The HDR (High Dynamic Range) look is something that has been around for quite some time in stills photography, but only recently has become more popular with video. There are only a handful of cinema cameras out there that shoot with a true HDR setting (such as the RED Dragon), but if you’re after this look and are working with limited resources, there are a number of things you can do in post to achieve a similar aesthetic.
Before we jump in, for any of you that aren’t as familiar with what an HDR image looks like, take a look at this sample photo, pulled from realreeljournal.com:
The way that HDR works is by exposing two images and then combining them in post to maintain as much latitude as possible. One of the images is overexposed, and the other is underexposed so when you merge the two images together you end up with a final shot like the one above, that has a lot of dynamic range – allowing the highlights and shadows to remain very detailed. This look should never be overused as it really only works well in certain situations, but it is a great tool to know how to use when you need it.
HDR is also an interesting technique to utilize on faces as well, as it brings out skin tone details that would otherwise not be noticeable on a regularly exposed photo. In many cases this is a bad thing, as HDR can bring out pores, imperfections, and other skin problems that can make the subject look pretty bad – but there are some circumstances where the look can work well, especially when you are doing something that is highly stylized. Here’s an example of how skin tones are affected by HDR, pulled from Willian Yu on Flickr:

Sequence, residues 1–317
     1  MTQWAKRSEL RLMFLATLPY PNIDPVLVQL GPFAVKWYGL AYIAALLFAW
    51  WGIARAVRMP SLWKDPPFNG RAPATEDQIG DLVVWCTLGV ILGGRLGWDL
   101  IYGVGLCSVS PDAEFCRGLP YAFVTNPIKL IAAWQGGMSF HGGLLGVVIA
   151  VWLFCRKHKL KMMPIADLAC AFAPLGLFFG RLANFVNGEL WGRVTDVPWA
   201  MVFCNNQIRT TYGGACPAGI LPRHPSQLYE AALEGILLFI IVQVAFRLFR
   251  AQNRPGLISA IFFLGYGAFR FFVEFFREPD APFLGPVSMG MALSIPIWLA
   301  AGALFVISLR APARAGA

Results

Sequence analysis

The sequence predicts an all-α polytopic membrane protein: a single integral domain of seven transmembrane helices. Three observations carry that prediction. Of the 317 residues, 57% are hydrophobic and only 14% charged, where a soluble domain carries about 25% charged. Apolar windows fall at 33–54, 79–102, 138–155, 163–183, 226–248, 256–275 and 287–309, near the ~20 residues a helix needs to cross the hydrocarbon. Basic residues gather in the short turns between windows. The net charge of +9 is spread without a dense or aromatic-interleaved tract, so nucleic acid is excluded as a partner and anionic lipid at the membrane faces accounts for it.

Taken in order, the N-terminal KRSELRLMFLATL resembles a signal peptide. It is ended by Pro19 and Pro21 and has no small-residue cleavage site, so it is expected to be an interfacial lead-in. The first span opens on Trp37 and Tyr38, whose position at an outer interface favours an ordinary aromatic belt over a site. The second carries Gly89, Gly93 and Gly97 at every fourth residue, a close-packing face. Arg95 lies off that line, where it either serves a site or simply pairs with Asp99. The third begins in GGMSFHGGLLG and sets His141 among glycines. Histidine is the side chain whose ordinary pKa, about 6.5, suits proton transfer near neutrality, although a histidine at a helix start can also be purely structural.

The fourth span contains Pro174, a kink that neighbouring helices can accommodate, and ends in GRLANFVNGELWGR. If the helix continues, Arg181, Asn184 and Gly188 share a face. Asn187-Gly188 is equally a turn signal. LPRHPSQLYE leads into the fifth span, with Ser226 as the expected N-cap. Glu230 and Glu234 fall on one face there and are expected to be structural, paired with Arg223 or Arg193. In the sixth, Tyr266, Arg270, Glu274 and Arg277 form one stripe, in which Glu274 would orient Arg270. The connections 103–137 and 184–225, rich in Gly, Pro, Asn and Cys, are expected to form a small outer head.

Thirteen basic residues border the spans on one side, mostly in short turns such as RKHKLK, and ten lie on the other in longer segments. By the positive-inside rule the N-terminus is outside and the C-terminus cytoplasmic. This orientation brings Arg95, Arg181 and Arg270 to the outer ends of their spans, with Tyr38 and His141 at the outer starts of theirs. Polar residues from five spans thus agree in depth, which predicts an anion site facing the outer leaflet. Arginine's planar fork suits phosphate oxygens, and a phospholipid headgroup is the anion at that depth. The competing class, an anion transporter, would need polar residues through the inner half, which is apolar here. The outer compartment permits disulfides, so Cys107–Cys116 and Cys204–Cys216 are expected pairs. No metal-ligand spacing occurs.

As you might imagine, achieving an HDR look with video is much more challenging than with stills. In stills photography, even if your camera doesn’t have an HDR mode you can simply take two different exposures and use photoshop to combine them. With video however, this isn’t usually an option since the action in the frame you are shooting will always vary to some degree. For instance, if you are shooting a person walking across the frame, you won’t be able to get that person to walk across with the exact same timing more than once (in order to get two identical shots to combine later), so the only option (as far as capturing this look in-camera goes) is to use a camera like the RED Dragon that does HDR internally.